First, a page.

E-cig use on rise in students, CDC says |

E-cig use on rise in students, CDC says

Use of electronic cigarettes by high school students tripled in two years, according to a report from the Centers for Disease Control and Prevention.

About 4.5 percent of high school students used e-cigarettes regularly in 2013, according to a report released Thursday. Nearly 12 percent of high school kids and 3 percent of middle schoolers had tried them at least once.

Cigarette use among teens has been cut in half since 2000, falling from 28 percent of high school students in 2000 to 12.7 percent of high schoolers in 2013, said Peter Hamm, a spokesman for the Campaign for Tobacco-Free Kids.

But kids are experimenting with a variety of tobacco products beyond cigarettes — from cigars to hookahs, chewing tobacco and pipes. Nearly 23 percent of high school students use some sort of tobacco product, according to the CDC. For example, nearly 12 percent of high school students smoke cigars, up slightly from 2011.

Because cigars are unregulated, they are often taxed at a lower rate than cigarettes. They’re also sold individually and with fruit flavors, making them more attractive to kids, especially ones without much pocket change, according to the CDC.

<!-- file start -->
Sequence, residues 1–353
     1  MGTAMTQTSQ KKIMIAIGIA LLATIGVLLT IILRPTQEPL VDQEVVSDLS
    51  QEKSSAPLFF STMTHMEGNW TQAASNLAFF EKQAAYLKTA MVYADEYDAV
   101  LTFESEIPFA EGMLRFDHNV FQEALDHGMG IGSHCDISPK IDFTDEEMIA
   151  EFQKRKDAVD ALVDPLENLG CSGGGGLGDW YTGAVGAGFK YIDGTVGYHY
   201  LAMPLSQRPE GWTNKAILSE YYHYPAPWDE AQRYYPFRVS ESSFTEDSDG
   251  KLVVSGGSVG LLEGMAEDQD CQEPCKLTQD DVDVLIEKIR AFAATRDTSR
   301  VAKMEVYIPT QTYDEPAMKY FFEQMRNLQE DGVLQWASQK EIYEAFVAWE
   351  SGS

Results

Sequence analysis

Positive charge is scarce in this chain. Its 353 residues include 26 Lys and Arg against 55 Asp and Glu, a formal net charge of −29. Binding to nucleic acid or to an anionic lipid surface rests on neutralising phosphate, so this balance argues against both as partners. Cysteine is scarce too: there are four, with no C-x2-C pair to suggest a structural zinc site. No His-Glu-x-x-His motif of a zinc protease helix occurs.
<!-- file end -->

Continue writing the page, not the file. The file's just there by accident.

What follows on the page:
Scientists don’t yet know the full health effects of e-cigarettes, but the Surgeon General has said the nicotine they deliver is addictive and can harm adolescent brain development.

The rising numbers of kids who use e-cigarettes and other alternative tobacco products is worrisome, Hamm said. E-cigs are often sold in kiosks at places frequented by teens, such as shopping malls.

Public health researchers such as Stanton Glantz of the University of California-San Francisco worry that e-cigarettes could serve as a gateway drug, making young people addicted to nicotine, which could lead them to smoke cigarettes.

Nine out of 10 smokers tried their first cigarette by age 18, according to the CDC.

“We must do more to prevent our youth from using tobacco products, or we will see millions of them suffer and die prematurely as adults,” said Tim McAfee, director of the CDC’s Office on Smoking and Health.

The Food and Drug Administration has proposed regulating e-cigarettes and other tobacco products, but it has not yet issued a final rule. The proposed rule would ban sale of e-cigarettes to people younger than 18. Manufacturers of e-cigarettes would have to register any new products with the FDA.

The FDA regulates only cigarettes now.

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